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Entrepreneurs get support from IDB Lab, Kingston Creative

The coworking space organised by Kingston Creative to provide creatives physical access to hot-desks, meeting rooms, offices, and podcasting, dance and digital studios.

The creative community has received a breakthrough following on the forging of a three-year technical agreement between Kingston Creative Limited and IDB Lab, the innovation laboratory of the Inter-American Development Bank.

The collaboration, which will fast track social and economic transformation through the merger of creativity, culture and technology will support 1,500 entrepreneurs and creative enterprises, notably 300 creative entrepreneurs based in downtown Kingston.

Additionally, 60 creative businesses will benefit from the integration of new technologies in their business models and 25 entrepreneurs will be connected to new international markets and opportunities.

Therese Turner-Jones, IDB’s General Manager for the Caribbean Country Group and Country Representative for Jamaica, noted that the creative community has suffered immensely since the onset of COVID-19.

“We are very happy to provide support to this industry especially as this partnership will afford creative entrepreneurs a vista for valuable global connections, greater visibility for their work and new opportunities for learning, incubation, and acceleration of their efforts,” she said.

The technical cooperation agreement is for US$1,295,000 with IDB contributing US$ 595,000 and Kingston Creative US$700,000.

The programme will involve improving the digital and business skills of creatives, creating online platforms, market access tools and strengthening the creative ecosystem. It will be supported by entities such as the Kingston & St. Andrew Municipal Corporation (KSAMC) and the Tourism Enhancement Fund (TEF) an agency of the Ministry of Tourism.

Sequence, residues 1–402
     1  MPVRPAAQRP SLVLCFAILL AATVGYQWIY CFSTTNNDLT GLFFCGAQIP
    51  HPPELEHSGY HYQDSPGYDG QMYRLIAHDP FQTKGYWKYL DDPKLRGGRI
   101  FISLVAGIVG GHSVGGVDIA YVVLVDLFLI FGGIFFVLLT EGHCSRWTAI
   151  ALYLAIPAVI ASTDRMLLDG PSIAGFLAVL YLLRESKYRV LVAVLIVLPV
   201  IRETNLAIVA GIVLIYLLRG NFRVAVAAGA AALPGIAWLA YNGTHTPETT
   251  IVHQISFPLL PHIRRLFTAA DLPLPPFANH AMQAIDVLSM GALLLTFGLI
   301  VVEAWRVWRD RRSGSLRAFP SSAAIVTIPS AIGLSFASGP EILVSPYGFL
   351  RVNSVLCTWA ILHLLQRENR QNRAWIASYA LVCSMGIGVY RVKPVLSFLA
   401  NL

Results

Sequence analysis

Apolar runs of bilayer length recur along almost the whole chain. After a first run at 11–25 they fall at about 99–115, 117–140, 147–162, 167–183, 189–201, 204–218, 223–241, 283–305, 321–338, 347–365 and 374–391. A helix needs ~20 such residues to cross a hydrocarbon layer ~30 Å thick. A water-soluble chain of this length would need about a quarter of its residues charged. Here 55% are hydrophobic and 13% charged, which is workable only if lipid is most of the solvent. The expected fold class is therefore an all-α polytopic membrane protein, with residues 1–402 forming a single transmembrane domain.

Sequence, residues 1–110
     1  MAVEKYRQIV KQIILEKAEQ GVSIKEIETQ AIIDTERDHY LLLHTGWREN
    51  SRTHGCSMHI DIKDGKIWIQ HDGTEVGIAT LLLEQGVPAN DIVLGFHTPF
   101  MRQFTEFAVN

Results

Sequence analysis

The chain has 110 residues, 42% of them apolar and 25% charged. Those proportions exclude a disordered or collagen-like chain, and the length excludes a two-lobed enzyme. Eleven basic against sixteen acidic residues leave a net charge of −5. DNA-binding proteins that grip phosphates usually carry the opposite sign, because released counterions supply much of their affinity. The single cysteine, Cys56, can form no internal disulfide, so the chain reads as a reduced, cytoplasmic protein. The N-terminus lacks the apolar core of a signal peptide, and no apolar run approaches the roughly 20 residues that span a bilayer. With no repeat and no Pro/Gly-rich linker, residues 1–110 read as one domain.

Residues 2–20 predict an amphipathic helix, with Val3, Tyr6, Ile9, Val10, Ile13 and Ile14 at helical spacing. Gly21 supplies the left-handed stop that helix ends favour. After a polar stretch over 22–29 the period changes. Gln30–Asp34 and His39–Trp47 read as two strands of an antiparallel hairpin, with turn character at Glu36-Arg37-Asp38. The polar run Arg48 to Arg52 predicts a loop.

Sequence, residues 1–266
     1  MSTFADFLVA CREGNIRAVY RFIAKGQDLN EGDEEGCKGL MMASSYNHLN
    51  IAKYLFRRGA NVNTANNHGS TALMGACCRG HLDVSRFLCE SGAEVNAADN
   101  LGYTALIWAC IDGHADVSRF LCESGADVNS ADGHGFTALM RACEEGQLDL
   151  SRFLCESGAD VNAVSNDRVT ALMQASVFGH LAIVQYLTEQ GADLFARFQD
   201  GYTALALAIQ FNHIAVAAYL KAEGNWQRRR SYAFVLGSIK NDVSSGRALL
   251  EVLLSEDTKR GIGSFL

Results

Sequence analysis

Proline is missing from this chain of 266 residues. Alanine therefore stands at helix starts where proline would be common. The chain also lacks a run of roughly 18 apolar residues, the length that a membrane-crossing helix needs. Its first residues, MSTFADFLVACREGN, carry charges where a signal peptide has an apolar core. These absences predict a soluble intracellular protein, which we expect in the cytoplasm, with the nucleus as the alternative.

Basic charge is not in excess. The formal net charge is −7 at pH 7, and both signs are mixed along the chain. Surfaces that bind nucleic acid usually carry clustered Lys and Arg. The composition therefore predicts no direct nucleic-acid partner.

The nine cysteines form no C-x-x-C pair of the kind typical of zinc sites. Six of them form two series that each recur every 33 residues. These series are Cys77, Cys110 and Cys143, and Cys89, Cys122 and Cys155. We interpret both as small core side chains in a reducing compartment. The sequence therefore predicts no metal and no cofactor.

Andrea Dempster-Chung, Executive Director of Kingston Creative, said that she was excited about the benefits that will accrue to creatives that drive the $84 billion-creative economy.

Noting that 2021 was designated by the United Nations as the International Year of Creative Economy for Sustainable Development, she said “the partnership will position Jamaican creatives to recover and re-emerge stronger post-COVID. IDB Lab will also connect creatives with regional and global partners through a host of networking capacity-building opportunities.

The new coworking space, the Kingston Creative Hub, will also provide creatives physical access to space; hot-desks, meeting rooms, offices, and podcasting, dance and digital studios.

“We are also excited about continuing our work on the inclusive and balanced development of the new Downtown Kingston Art District and now connecting Port Royal by linking community creatives into the tourism value chain and providing them with digital platforms and skills to improve their market access,” Dempster-Chung added.

Terry-Ann Segree, IDB Lab Private Finance Senior Specialist, also explained that there is an increasing trend globally to mix the traditional artistic elements of contemporary art and culture, music, fashion, literature, theatre, dance, and film with animation, augmented and virtual reality, 3D printing, science, gaming and software.

“We will focus on fostering collaborations between artists and developers, designers and scientists, to add economic and social value to cultural and creative assets while creating a transmedia storytelling focus on Jamaican creators to give them visibility locally and internationally.”

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